• Sediment-laden runoff results in increased turbidity and decreased oxygen in a stream, which in turn results in loss of in-stream habitat for fish and other aquatic species.
  • Sediment-laden runoff can kill fish directly, destroy spawning beds, and suffocate fish eggs and bottom dwelling organisms.
  • Sediment-laden runoff can increase difficulty in filtering drinking water, resulting in higher treatment costs, and can result in the loss of drinking water reservoir storage capacity and decrease the navigational capacity of waterways.
  • Sediment-laden runoff blocks light and reduces growth of beneficial aquatic grasses.
  • Many of the steps to control storm water runoff are simple and not costly, including:
    • planning construction projects to reduce the amount of time soil is left exposed;
    • installing relatively simple and low cost sediment and erosion control devices such as silt fences.

Top of page


The following EPA documents were used in developing this information sheet:

  • Economic Analysis of the Final Phase II Storm Water Rule, Final Report (U.S. EPA, Oct. 1999)
  • Environmental Assessment for Proposed Effluent Guidelines and Standards for the Construction and Development Category (U.S. EPA, June 2002)
  • Report to Congress on the Phase I Storm Water Regulations (U.S. EPA, Feb. 2000)
  • Report to Congress on the Phase II Storm Water Regulations (U.S. EPA, Oct. 1999)
  • National Pollutant Discharge Elimination System - Regulations for Revision of the Water Pollution Control Program Addressing Storm Water Discharges; Final Rule (U.S. EPA, Dec. 1999)
  • Environmental Impacts of Storm Water Discharges: A National Profile (U.S. EPA, 1992)
  • National Water Quality Inventory: 2000 Report (U.S. EPA, Aug. 2002)
  • National Water Quality Inventory: 1998 Report to Congress (U.S. EPA, June 2000)
  • National Water Quality Inventory: 1996 Report to Congress (U.S. EPA, 1998)

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KB Homes

On June 11, 2008, the United States lodged a settlement between the United States, KB Home, and the States of Maryland, Colorado, and Nevada, and the Commonwealth of Virginia.

  • KB Home was ranked the fifth largest home builder in the country in 2006 and 2007 in terms of home closings and revenues.
  • EPA conducted inspections and gathered information for KB Home construction sites located throughout the country.
  • The types and severity of alleged violations vary for each site but generally include:
    • discharge of polluted storm water to storm sewers or waterways without obtaining an NPDES permit;
    • failure to develop an adequate Storm Water Pollution Prevention Plan (SWPPP) for minimizing the amount of sediment and other pollutants in storm water runoff from the sites;
    • failure to install or implement appropriate storm water controls or best management practices (BMPs) required by the SWPPP (for example: silt fences were not installed in all required areas; BMPs to prevent sediment from entering storm drains were not installed; no BMPs were installed at construction entrances to prevent offsite trackout of dirt; concrete washout basins were not installed to prevent concrete from flowing into storm drains; portable toilets were located directly on top of storm drain inlets without BMPs to prevent spills from entering the storm drain);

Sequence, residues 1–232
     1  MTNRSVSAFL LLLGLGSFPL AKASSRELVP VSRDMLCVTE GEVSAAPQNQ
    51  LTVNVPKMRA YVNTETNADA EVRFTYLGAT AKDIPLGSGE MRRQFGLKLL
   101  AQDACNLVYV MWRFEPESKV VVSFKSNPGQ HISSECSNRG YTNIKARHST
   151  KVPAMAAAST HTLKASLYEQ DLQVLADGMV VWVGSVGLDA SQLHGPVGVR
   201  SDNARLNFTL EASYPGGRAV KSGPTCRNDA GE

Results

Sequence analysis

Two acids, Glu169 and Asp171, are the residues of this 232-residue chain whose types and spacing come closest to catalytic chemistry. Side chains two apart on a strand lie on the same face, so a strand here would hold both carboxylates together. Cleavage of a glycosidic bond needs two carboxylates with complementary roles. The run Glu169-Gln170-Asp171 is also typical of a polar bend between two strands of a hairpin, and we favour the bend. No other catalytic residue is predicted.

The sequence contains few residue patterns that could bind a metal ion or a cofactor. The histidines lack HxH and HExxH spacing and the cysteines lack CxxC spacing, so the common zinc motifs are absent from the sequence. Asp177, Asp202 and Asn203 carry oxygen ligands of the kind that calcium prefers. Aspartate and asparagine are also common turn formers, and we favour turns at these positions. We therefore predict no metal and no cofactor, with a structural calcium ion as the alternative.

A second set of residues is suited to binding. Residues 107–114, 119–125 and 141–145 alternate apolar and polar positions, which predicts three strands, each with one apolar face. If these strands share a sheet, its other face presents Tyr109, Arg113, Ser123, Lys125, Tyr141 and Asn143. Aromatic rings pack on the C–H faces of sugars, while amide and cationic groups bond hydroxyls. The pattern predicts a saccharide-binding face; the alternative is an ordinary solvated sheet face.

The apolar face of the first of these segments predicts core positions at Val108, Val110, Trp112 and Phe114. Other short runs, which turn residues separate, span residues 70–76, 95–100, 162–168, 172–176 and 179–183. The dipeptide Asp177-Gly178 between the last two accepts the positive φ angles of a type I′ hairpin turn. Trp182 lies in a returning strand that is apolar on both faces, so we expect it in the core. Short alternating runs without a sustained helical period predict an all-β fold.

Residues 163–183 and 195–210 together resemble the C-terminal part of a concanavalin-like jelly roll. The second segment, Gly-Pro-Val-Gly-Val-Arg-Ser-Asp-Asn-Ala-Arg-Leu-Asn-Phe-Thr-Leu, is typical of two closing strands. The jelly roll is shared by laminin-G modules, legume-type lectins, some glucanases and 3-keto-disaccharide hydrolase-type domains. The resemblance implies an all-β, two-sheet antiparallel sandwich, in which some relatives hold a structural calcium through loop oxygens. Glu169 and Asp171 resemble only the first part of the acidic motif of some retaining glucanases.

• incorrect installation of BMPs (for example: silt fences were not properly trenched in; sediment ponds were not completed prior to commencing site grading);
    • failure to keep BMPs in effective operating condition (for example: silt fences and storm drain inlet protections were full of sediment and no longer effective; silt fences had fallen down or had holes; construction entrances needed additional rock);
    • failure to adequately or routinely inspect BMPs to ensure proper operation and maintenance.
    • KB Home has agreed to a settlement with the United States and the States of Maryland, Colorado, and Nevada, and the Commonwealth of Virginia to resolve these alleged violations.

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  • Under this settlement, KB Home will pay a penalty of $1.185 million and implement a management and reporting system designed to provide increased oversight of on-the-ground operations and ensure greater compliance with the storm water requirements. Specific measures include:
    • establishment of three management tiers that will be responsible for storm water compliance within the company, including the designation of trained, qualified staff at every construction site;
    • a requirement to follow specified criteria for guidance in developing site-specific SWPPPs for every site;
    • a requirement to conduct pre-construction inspections and quarterly oversight inspections and reviews at all sites in addition to the routine inspections required by NPDES permits;
    • a requirement to use EPA-approved forms for pre-construction inspections, routine inspections, and quarterly inspections and reviews; and,
    • a requirement to implement storm water training programs for storm water managers and builder employees, and storm water orientation programs for storm water consultants and contractors.

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  • The State co-plaintiffs will receive a portion of the penalty based on the number of KB Home sites within each State. The states will receive the following amounts:
    • Virginia: $ 5,000
    • Maryland: $ 7,000
    • Colorado: $28,000
    • Nevada: $39,000

Environmental Harm and Public Health Impacts Associated with Storm Water Runoff

  • Discharges of storm water runoff can have a significant impact on water quality. Several studies reveal that storm water runoff from urban areas can include a variety of pollutants, such as sediment, bacteria, organic nutrients, hydrocarbons, metals, oil and grease. These pollutants can harm the environment and public health.